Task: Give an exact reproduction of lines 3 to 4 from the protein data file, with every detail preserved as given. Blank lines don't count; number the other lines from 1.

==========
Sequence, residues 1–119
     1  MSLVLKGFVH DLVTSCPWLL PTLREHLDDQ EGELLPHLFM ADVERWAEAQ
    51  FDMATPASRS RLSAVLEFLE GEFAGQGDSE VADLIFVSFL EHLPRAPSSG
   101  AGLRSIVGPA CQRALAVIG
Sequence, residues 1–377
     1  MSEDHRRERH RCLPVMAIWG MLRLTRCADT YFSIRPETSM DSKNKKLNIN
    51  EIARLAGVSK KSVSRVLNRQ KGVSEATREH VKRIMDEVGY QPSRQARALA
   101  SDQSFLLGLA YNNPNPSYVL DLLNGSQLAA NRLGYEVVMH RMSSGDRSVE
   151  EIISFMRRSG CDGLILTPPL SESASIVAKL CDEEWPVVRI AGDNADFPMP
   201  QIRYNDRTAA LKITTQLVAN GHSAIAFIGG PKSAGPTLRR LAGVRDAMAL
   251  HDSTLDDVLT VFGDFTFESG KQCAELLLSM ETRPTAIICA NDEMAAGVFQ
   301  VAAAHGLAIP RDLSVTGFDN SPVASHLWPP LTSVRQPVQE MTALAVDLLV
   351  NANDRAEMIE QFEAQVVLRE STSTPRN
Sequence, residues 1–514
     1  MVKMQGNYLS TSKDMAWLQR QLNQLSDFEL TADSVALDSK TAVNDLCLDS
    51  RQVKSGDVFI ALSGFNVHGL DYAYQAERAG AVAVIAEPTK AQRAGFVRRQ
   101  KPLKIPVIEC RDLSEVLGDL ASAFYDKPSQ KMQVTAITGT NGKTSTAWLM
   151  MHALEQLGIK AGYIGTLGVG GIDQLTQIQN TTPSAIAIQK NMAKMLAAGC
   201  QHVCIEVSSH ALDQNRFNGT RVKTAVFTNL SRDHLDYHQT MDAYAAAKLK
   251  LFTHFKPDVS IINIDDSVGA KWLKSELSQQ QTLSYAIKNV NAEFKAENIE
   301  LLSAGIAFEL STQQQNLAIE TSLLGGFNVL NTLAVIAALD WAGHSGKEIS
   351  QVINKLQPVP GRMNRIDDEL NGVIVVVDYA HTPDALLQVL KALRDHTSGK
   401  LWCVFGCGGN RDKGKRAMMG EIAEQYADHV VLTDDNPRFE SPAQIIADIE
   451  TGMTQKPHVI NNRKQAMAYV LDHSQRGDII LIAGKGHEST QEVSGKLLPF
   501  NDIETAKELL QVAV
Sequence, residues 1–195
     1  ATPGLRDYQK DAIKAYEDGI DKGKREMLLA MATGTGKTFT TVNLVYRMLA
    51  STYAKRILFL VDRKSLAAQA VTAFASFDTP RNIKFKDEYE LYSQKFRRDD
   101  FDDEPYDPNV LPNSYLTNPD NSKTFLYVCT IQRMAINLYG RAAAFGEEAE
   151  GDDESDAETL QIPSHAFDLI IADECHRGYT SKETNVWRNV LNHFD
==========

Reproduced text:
    51  FDMATPASRS RLSAVLEFLE GEFAGQGDSE VADLIFVSFL EHLPRAPSSG
   101  AGLRSIVGPA CQRALAVIG